Board of Directors Nominations at NLNA Meeting – Thursday, April 27 http://www.nlna.org/nominations-for-the-nlna-board-of-directors-accepted-at-the-next-neighborhood-meeting-thur-april-27/ Fri, 14 Apr 2017 15:44:45 +0000 http://www.nlna.org/?p=10966 Nominations for the NLNA Board of Directors annual election will be taken at the General Meeting on Thursday, April 27th, 7:00 PM, at the Northern Liberties Community Center at 3rd & Fairmount.  The election will take place at the May General Meeting.  We will be nominating Vice President, Secretary and five at-large Board seats.  Those seats are currently held by Michael Coyne, VP; Janet Finegar, Sec; Troy Crichton; Donald Hoegg; Monika Kreidie; Don Phillips and Barbara Saverino.
Nominations will be taken at the meeting on April 27th, but can also be taken in advance on-line!  We will begin taking nominations on Thursday, April 20th.  Send nominations to Paula at pgansky@aol.com, and be sure to put NOMINATIONS in the subject line. Nominees’ names will be announced at the General meeting, more will be taken, and will end at the end of that meeting.
Interested in running? To run for an At-large seat, you need only be at least 18 years of age, and either live in the neighborhood (this includes both owners and renters), or run a business with a physical location in the neighborhood. (To run for VP or Secretary, you also need to have been on the NLNA board for one year, now or in the past.)
Board members are expected to:
  • Attend monthly board of directors meetings on the first Monday of each month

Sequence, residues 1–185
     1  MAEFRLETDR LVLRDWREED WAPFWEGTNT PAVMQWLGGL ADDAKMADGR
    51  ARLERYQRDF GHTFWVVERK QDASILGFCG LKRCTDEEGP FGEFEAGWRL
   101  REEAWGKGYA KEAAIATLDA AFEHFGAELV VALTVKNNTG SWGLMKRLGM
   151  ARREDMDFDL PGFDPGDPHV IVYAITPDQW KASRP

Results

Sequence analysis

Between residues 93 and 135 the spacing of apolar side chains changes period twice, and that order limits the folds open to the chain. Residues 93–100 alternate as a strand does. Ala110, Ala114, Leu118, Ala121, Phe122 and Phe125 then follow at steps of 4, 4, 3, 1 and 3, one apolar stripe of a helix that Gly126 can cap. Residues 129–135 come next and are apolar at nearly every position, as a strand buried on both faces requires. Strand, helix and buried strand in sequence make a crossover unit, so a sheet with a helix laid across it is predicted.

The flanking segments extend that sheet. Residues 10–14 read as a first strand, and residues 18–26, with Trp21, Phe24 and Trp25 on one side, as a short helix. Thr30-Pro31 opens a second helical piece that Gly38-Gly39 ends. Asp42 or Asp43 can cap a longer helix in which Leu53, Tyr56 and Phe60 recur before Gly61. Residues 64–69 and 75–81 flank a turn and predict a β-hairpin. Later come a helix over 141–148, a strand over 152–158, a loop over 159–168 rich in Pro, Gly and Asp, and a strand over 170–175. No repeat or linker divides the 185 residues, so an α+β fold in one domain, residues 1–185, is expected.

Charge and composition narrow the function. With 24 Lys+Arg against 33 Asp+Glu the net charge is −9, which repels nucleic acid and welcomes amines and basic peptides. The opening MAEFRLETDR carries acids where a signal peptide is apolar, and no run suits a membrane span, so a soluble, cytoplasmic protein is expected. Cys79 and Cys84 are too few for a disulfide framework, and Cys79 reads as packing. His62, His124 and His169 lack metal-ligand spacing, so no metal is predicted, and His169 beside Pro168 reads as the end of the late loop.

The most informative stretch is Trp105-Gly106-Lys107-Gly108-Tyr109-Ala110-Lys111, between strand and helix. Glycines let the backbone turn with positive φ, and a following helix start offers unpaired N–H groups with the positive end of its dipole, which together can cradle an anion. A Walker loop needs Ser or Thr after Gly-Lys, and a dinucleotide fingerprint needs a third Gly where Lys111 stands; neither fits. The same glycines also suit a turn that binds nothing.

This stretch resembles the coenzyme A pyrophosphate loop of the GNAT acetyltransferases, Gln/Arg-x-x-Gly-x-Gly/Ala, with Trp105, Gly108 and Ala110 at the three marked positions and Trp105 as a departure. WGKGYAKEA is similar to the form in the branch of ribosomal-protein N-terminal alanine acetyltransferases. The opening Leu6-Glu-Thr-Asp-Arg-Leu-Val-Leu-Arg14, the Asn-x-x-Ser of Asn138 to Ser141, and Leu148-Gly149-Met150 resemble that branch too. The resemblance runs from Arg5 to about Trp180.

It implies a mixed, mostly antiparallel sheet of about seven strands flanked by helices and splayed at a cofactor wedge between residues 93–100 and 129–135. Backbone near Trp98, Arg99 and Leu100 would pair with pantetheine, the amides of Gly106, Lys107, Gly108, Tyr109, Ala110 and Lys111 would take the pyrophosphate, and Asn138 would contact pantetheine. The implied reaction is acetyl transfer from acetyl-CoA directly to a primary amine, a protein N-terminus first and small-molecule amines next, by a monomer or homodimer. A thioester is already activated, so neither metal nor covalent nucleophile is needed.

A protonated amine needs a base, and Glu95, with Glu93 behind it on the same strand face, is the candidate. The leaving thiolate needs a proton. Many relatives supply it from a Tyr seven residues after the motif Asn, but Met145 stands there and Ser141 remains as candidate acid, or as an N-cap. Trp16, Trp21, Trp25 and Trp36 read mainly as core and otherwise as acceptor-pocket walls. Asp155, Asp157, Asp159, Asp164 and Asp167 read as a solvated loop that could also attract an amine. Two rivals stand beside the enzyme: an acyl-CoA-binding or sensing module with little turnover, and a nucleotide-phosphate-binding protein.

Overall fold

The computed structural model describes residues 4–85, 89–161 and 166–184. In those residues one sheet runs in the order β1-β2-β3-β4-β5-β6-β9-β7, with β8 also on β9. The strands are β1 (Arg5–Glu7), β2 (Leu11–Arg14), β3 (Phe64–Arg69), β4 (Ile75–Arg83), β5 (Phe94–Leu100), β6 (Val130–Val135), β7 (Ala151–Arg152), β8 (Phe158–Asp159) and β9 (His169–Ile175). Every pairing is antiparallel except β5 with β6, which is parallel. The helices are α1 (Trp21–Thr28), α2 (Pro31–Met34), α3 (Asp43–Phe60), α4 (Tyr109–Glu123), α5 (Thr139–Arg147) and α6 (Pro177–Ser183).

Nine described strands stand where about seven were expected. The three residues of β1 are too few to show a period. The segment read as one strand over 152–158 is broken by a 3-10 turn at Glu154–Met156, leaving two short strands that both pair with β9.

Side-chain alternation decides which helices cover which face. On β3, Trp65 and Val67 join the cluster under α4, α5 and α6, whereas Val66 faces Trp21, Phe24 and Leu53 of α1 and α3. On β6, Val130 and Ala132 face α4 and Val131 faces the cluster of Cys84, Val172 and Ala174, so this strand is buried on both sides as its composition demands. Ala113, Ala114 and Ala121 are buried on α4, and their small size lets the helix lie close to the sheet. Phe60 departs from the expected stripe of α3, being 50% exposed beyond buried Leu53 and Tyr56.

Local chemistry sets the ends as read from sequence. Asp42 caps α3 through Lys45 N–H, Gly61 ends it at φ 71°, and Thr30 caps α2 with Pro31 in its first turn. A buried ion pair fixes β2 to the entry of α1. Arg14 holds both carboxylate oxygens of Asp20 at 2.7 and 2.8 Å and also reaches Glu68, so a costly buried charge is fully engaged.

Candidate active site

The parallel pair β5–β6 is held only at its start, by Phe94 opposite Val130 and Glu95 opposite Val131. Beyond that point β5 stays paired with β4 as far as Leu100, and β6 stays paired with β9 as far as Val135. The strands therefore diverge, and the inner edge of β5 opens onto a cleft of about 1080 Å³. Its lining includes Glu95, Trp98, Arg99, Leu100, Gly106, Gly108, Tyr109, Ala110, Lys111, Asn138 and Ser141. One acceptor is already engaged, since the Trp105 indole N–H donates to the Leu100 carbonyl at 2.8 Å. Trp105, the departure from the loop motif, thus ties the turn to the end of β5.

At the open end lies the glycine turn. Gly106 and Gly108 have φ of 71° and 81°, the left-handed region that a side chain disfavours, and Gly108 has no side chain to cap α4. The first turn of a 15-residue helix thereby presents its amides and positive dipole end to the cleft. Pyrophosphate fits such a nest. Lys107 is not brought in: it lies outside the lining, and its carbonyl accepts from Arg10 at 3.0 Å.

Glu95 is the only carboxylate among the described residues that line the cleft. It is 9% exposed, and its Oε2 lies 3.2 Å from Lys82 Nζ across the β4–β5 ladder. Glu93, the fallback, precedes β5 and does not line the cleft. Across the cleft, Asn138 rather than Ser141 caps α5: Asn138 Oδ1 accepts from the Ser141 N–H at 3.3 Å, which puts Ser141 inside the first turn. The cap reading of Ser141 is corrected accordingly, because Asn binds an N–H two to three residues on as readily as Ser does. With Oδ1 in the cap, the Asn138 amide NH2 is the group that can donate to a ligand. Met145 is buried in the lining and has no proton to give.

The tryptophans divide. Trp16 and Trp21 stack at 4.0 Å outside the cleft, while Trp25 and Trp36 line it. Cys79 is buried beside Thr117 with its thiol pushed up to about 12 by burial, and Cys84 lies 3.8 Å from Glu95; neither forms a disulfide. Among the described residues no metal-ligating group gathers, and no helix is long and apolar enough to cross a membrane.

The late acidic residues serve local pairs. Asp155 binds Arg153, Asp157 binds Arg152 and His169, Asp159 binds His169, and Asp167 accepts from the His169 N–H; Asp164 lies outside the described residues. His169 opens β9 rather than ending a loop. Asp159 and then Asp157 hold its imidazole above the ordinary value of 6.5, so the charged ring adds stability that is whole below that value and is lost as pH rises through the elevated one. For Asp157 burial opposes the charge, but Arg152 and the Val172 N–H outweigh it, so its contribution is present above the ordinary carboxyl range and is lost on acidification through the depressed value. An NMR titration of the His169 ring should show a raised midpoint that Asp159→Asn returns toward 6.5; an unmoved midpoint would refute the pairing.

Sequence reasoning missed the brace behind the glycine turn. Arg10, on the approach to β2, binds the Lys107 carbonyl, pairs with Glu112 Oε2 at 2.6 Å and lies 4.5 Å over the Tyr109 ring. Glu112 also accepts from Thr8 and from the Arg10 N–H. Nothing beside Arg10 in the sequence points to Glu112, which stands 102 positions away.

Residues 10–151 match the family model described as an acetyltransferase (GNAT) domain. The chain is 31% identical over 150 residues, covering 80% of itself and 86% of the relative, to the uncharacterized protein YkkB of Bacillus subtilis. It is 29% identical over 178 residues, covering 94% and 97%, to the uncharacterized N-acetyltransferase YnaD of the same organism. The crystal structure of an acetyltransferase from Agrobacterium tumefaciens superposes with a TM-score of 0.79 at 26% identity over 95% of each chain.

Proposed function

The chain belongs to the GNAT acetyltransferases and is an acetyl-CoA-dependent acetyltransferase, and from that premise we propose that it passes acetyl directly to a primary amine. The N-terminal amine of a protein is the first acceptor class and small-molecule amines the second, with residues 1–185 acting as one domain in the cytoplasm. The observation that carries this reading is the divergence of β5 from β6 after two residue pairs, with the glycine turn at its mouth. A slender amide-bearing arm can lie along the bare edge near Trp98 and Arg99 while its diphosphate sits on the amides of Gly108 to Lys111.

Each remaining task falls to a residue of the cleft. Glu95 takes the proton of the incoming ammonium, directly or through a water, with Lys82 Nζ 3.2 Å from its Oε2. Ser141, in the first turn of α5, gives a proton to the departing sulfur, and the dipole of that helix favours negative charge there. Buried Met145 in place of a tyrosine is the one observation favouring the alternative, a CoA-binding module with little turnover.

• Chair or help lead at least one NLNA committee or project/initiative
  • Volunteer for various NLNA fundraisers and events
  • Stay in active contact with other board members via the NLNA board email list
  • Be ambassadors to the neighborhood and generally help solve problems and promote quality of life
  • Participate in overseeing the NLNA’s finances and internal operations
If you would like to run you can ask someone to nominate you, or you can nominate yourself.
In order to vote in NLNA elections you must fulfill the requirements above, plus you must be registered to vote in NLNA elections.  If you have voted in the last few years, you are still registered.  If not, or if you are new to Northern Liberties please bring an ID with your address to any Northern Liberties meeting to register.  You may even register on election night.
NoLibs Town Watch Patrol Meetup http://www.nlna.org/nolibs-town-watch-patrol-meetup/ Fri, 21 Oct 2016 21:20:23 +0000 http://www.nlna.org/?p=10098 Layout 1Email Jeremy Lindemann at jdlindemann@gmail.com
for info about upcoming patrols.

We meet up at the Community Center (3rd and Farimount)
around 7:20pm.

Bring a flashlight and your phone.

If you have any questions or concerns, please let me know.

Thank you,
Jeremy Lindemann

Town Watch Patrol Sign-up and Police Q&A – Notes from the Fall 2017 Meeting http://www.nlna.org/town-watch-patrol-sign-up-and-police-qa-notes-from-the-october-10-meeting/ Mon, 03 Oct 2016 04:50:06 +0000 http://www.nlna.org/?p=10025

On Monday, October 10 a small group of neighbors signed up to patrol the neighborhood.